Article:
May 08, 2010

Minorities suffer microaggression

A response to a response to Students Talk About "Fighting Sioux":

Indian students unmasked racial microaggressions

The students’ experiences are what C. Pierce, a Harvard psychiatrist, coined as “racial microaggressions,” defined as the subtle indignities and insults heaped on minorities during everyday exchanges, the demeaning messages sent to people of color by white people.

By Denise Lajimodiere
It was with great shock and sadness I read of Archie Fool Bear’s scoffing at the stories American Indian students told of their experiences at UND, saying, “They’re making everything out of nothing” (“Standing Rock votes to table petitions on Fighting Sioux nickname,” Page A1, May 4).

The students’ experiences are what C. Pierce, a Harvard psychiatrist, coined as “racial microaggressions,” defined as the subtle indignities and insults heaped on minorities during everyday exchanges, the demeaning messages sent to people of color by white people.

These subtle, stunning, often automatic acts of disregard and non-verbal exchanges which are put-downs of minorities by offenders, stem from unconscious attitudes of white superiority. This form of racism, though pervasive, is seldom investigated.

Instances may appear small, banal and trivial, but researchers are beginning to find they assail the mental health of recipients. In and of itself, a microaggression may seem harmless, but the cumulative burden of a lifetime of microaggression can contribute to a corrosive effect on confidence and the lives of Indian people.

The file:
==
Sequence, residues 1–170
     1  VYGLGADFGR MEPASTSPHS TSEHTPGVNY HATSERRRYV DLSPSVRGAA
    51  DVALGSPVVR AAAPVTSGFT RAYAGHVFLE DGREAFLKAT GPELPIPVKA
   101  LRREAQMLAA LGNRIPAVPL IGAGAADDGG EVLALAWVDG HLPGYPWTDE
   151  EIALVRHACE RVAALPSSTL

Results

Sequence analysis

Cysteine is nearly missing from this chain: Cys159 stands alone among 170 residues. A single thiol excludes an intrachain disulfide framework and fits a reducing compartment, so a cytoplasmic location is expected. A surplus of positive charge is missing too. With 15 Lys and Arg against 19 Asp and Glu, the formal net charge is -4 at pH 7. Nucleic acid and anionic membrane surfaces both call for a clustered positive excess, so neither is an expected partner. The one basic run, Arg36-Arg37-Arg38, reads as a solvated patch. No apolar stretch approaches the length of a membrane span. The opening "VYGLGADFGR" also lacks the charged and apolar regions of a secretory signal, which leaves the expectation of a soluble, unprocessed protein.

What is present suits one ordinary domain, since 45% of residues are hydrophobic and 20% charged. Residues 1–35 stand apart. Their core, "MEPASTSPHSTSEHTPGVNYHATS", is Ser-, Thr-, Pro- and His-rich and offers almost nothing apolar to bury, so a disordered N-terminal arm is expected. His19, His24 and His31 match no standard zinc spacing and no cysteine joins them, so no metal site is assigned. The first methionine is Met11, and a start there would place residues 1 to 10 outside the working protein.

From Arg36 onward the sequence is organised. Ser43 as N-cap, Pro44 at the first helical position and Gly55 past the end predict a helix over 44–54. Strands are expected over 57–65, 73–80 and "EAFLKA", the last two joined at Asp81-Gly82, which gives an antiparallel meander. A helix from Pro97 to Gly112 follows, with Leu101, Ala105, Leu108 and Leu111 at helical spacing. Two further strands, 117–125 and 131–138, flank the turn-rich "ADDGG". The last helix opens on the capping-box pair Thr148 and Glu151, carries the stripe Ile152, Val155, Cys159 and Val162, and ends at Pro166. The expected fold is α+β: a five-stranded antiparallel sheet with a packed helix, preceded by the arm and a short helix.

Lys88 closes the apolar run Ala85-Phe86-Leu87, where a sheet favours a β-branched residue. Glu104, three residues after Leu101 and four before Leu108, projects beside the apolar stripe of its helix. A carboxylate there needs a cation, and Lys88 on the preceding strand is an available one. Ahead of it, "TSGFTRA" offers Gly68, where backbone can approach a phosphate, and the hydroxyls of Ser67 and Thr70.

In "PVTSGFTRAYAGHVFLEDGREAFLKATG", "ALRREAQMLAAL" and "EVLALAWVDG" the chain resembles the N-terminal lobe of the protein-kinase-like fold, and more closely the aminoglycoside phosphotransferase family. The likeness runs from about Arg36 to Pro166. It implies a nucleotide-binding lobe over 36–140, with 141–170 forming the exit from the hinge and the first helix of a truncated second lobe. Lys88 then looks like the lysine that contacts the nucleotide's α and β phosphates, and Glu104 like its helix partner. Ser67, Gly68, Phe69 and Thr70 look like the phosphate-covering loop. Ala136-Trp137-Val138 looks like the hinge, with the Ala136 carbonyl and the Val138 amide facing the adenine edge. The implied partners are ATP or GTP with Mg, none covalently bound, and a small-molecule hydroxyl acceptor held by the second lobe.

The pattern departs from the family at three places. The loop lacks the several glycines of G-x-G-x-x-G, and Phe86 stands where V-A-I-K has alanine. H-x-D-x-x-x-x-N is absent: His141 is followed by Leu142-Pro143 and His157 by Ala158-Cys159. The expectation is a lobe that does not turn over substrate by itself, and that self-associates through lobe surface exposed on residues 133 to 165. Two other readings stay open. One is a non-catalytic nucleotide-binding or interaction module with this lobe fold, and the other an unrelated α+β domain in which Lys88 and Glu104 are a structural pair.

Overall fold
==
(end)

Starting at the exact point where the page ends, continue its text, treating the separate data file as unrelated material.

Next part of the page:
Columbia’s G.W. Sue compared these insults to carbon monoxide—“invisible, but potentially lethal.” Constant negative interactions can be a sort of death by a thousand cuts for the victim.

Overt racist acts usually are not socially condoned, which is the reason, Mr. Fool Bear, that Indian students at UND don’t have a long list of reported overt acts of racism on file. Now that blatant public displays of prejudice are frowned upon, more subtle manifestations are getting increased attention from researchers.

Indian students at UND have experienced microassaults: Conscious and intentional actions or slurs, such as using racial epithets or deliberately serving a white person before a person of color in a restaurant. Examples at UND include being yelled at to “Go back to the reservation! Go drink your firewater! If the logo goes so should the Indian programs!”
Comment:  Many of the micro-aggressions in the previous article sound like aggressions to me. I mean, "Go back to the reservation"? What does someone have to say before we call it aggression? "Go back to the reservation, you dirty, stinking redskin"?

This theory explains much of the politics in the US today. People know they can't express their prejudice outright, so they've learned how to disguise it. So we hear a lot of coded messages about what people think. "I'm not against blacks running the country," they'll say. "I really believe Obama is a socialist/fascist/communist/Nazi tyrant." Or, "I'm not against brown-skinned immigrants who multiply like rabbits. I just believe in the rule of law."